However, in practice, it’s a bit of a bodge. There is confusion over site mapping and, certainly, the Google XML Sitemap is not compatible. There are some special MU plug-ins but then there was conflicting advice over use of those too. Was I using a special Multi User plug in or just a function of regular WordPress? I know I had to change the coding in two files to make it happen but the suggestion was that with the new 3.0 version of WordPress, it contained a built-in multi-site facility that was different to the previous multi user format.
Despite the fact that there were several experts giving advice online, none of them seemed totally confident that they had everything up and running. Whilst it wasn’t too difficult to adapt the site to get the multi-user facility, everything seemed to fall down after that, especially if you’re not a fully-fledged geek.
The problem was that, if I wanted to host more than one site on the vcluster hosting at Fubra, I had to do it using WordPress Multi User and I wasn’t totally confident that it was working properly. I had a duty to my various clients to ensure that their site was being properly crawled by the Google spiders and I could not guarantee that. There were also issues over using different versions of the same template on the various sites. The only way to provide a proper hosting package was to have separate vclusters for each client at a cost of nearly £6 per month, almost double what was available at standard UK hosting sites.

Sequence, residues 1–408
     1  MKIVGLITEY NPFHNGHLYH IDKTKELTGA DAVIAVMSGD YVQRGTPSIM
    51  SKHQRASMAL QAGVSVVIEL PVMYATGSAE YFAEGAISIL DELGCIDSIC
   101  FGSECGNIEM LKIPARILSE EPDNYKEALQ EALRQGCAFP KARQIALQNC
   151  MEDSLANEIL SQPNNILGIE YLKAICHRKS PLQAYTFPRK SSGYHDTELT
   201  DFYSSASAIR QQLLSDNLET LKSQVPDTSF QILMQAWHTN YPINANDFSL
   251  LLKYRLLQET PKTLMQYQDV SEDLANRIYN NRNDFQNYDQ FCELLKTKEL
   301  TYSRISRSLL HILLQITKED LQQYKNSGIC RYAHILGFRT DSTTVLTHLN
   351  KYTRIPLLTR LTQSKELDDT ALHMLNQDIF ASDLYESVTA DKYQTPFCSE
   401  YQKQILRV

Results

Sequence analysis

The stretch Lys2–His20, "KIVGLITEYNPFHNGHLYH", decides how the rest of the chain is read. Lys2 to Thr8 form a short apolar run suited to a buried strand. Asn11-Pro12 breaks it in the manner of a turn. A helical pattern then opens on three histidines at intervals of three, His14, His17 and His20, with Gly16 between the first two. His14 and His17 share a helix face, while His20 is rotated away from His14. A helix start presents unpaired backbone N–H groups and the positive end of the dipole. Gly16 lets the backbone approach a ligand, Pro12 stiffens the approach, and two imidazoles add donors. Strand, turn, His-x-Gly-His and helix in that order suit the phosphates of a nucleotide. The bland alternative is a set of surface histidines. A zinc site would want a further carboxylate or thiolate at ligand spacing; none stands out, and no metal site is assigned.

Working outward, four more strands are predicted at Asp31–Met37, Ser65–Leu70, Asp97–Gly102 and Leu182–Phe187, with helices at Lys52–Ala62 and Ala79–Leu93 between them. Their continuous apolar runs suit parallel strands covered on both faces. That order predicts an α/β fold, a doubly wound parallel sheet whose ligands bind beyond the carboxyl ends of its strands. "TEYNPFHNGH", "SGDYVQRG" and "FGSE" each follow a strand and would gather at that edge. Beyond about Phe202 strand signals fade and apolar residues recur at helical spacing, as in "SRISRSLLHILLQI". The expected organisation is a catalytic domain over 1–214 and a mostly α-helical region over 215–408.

So, despite the fact that the customer service at Fubra and the quality of the hosting itself was exceptional, I was left with no option but to bite the bullet and get a different UK web host account that would allow me separate cpanels for each individual client.
Unfortunately, it then took me two hours of faffing about to remove the code from the wp-config file that would change the site from Multi User back to single use again.
It doesn’t help that my laptop just doesn’t seem to like the new multiple user hosting account – it takes ages to load any of the pages. I’ve switched off my firewall and that makes no difference. But it’s only the sites hosted on the new account that are affected and only on my networked laptop. It seems to work fine on the wired PC.
On the plus side, I have a new project that will see me getting up close and personal with both WordPress and Drupal.
I’m very excited and totally trepidatious all at the same time.